The Florio administration last week countered a lawsuit challenging New Jersey's diversion of almost $600 million of school aid to tax relief, arguing that, despite the shift, public education is adequately funded.

The lawsuit, filed in state Supreme Court by the Education Law Center, is the second to contend that New Jersey's system of financing public schools creates an unconstitutional disparity between rich and poor districts.

The first, which successfully overturned the system last year, resulted in Gov. Jim Florio's Quality Education Act of 1990. The act set aside about $1.1 billion in increased aid, most of which was to be directed toward poor districts in an effort to offset the imbalance found by the court.

But the massive tax increases needed to support the program, as well as additional taxes the governor instituted to help balance the state's budget, turned public opinion against the administration.

Tax relief took on greater political significance as a result, and the Legislature approved amendments to the act that redirected some of the school aid to property tax cuts.

About $360 million of the original $1.1 billion was shifted directly to a program to reduce local property taxes.

In addition, tightened spending caps imposed on districts by the reformed education act further diluted the proposed increases to school aid. When a district reaches its spending ceiling, any state aid left unspent must be used toward cutting property taxes. About $230 million of state school aid is expected to be diverted to property tax relief in this manner.

Marilyn Morheuser, executive director of the Education Law Center, filed a new lawsuit in July, arguing that the dilution of the original $1.1 billion increase left the plan so watered down it would not be abe to eliminate the disparity between rich and poor districts.

In its response last week, Florio administration attorneys argued that Ms. Morheuser's arguments are premature and miss the point by analyzing only "hypothetical" aid levels that would have resulted from the original version of the reform legislation.

Rather than compare historic aid levels to the proposed funding levels in the unamended act, the court should compare them to the increased aid that will remain even with the diversion of a portion to tax decreases, the administration said in court papers filed last week.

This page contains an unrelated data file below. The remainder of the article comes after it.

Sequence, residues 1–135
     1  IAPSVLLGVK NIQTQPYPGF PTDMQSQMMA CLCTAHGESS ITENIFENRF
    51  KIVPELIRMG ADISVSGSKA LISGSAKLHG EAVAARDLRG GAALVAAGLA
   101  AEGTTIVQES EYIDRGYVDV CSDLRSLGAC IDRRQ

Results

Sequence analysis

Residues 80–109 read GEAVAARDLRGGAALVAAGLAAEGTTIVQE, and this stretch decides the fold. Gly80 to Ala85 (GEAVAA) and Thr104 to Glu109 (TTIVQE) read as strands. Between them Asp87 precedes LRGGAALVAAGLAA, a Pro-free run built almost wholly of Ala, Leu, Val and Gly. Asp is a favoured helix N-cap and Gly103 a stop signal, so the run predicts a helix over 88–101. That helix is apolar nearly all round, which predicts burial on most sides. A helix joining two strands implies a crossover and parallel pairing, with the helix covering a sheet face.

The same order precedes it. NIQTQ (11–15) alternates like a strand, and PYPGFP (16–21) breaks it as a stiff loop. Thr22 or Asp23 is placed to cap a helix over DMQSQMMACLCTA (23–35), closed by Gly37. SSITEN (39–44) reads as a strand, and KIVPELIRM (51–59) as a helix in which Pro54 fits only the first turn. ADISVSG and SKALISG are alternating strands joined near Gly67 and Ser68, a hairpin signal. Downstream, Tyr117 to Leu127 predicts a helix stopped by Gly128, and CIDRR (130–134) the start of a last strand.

The 28 "special needs" districts the court originally found to be underfunded will receive about $215 million in increased state aid, the administration said, adding that the districts "were taking the first steps to address some of the educational disparities between these districts and richer suburban districts identified by the court" in its earlier decision.

An additional $82 million was sent to the special needs districts but had to be used for property tax relief because the districts had reached their spending caps.

School districts statewide received an additional $758 million in state aid for the 1991-92 school year, according to the Florio administration.

"In light of the economic conditions of the state and slower than anticipated growth in state revenues, the increased aid to education during this first year is dramatic," the court papers argued. They said the program should be given time to work before it is reviewed or rejected as inadequate.

"If the [Quality Education Act] is given the opportunity to work, the disparities in expenditures and substantive programs will continue to be reduced until the fully implemented act, in combination with other educational initiatives, results in their elimination," the administration said.

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